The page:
Anti-inflammatory drugs increase colon cancer survival

PHS researchers show 20 percent drop in mortality with prior NSAID use
Dr. Polly Newcomb
Dr. Polly Newcomb and colleagues found regular NSAID use earlier in life for those at risk of colon cancer may prevent occurrence and inhibit more aggressive disease. Photo by Scott Sutherland

Regular use of nonsteroidal anti-inflammatory drugs prior to diagnosis of colorectal cancer is associated with improved survival, according to findings published in the Nov. 4 online edition of the journal Gut. Researchers in the Hutchinson Center’s Public Health Sciences Division report that regular NSAID use earlier in life for those at risk of colon cancer may prevent occurrence and inhibit more aggressive disease or alter the course of the disease after diagnosis.

The findings have implications in weighing the risks and benefits of long-term use of aspirin and/or ibuprofen, according to Dr. Polly Newcomb, corresponding author of the paper.

In this study, the largest to date looking at the role of NSAID use prior to colon cancer diagnosis, the researchers found the impact on survival may require long-term use of NSAIDs. The decrease in mortality was most significant for patients with proximal disease. This sub-site insight is important because screening is less effective at decreasing deaths in patients with cancers in this part of the colon and proximal disease has a poorer prognosis. Previous studies have shown that regular NSAID use is associated with a lower risk of developing colon cancer and a lower rate of recurrence.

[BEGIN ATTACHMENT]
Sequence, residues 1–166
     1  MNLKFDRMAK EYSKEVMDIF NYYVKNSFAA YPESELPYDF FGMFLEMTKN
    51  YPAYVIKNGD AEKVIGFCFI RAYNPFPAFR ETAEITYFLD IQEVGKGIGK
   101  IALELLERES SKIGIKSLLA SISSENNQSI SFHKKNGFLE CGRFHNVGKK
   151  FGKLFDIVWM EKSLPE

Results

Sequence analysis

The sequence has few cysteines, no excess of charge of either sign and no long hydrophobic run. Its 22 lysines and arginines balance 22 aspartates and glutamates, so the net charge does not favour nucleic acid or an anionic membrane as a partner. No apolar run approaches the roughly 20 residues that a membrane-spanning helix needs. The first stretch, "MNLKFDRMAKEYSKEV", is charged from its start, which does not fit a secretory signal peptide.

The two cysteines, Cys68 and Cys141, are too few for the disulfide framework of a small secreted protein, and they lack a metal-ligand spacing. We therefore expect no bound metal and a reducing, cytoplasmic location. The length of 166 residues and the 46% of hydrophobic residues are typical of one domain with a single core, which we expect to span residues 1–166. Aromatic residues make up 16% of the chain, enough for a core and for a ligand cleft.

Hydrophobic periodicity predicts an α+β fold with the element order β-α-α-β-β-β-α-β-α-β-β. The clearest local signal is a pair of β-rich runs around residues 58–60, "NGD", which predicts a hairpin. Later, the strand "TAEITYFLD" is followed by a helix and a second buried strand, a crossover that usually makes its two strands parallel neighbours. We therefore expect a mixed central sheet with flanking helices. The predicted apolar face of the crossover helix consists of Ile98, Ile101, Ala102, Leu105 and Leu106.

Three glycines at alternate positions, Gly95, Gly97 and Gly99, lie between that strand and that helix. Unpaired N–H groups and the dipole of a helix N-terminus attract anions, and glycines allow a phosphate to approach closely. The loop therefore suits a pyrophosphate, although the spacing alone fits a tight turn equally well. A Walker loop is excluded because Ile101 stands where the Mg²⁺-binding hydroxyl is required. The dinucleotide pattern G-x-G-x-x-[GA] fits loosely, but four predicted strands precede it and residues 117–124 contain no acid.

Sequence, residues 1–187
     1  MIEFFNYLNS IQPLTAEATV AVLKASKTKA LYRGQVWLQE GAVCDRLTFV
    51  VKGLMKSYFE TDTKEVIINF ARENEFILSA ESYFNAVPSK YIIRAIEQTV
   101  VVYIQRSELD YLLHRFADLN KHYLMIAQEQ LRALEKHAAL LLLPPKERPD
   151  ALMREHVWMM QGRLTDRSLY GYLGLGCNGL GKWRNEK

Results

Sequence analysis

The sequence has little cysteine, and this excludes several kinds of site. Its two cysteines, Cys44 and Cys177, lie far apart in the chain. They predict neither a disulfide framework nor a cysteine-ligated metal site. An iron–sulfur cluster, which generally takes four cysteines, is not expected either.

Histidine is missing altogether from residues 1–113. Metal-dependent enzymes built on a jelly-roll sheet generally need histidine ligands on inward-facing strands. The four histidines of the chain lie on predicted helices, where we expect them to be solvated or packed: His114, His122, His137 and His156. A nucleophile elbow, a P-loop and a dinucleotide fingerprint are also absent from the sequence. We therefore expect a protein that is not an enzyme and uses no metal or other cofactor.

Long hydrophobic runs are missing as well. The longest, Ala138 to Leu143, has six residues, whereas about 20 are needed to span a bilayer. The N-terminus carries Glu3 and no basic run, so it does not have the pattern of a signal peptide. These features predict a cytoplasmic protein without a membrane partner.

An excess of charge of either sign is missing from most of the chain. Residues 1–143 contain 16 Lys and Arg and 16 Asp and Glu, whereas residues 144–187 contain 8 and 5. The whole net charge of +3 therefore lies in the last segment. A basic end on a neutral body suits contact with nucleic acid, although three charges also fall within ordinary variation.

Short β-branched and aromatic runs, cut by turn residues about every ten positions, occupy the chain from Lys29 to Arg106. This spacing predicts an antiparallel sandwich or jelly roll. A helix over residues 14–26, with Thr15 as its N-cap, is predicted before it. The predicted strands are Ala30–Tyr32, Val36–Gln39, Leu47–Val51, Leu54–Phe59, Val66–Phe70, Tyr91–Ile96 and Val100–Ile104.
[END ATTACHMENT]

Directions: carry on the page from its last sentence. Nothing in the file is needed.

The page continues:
The researchers examined more than 1,700 cases of colorectal cancer from the Center-based Seattle Colon Cancer Family Registry. Detailed information on history of NSAID use, including type and duration, was collected through an interviewer-administered questionnaire.

Newcomb is co-principal investigator of the Seattle Colon Cancer Family Registry, one of six sites worldwide to study genetic and environmental factors in colon cancer. Through interviews and examination of lab specimens, the research team is comparing thousands of colon cancer patients with their relatives to better understand why certain people develop cancer while others remain healthy. This resource is fueling research on how factors known to increase the risk of developing colon cancer may also impact outcomes.

Study authors include Anna Coghill and Drs. Andrea Burnett-Hartman, Neli Ulrich, Scott Adams and John Potter, all of PHS, as well as former Center researcher Drs. Elizabeth Poole and the American Cancer Society’s Dr. Peter Campbell.
The National Cancer Institute funded the research.

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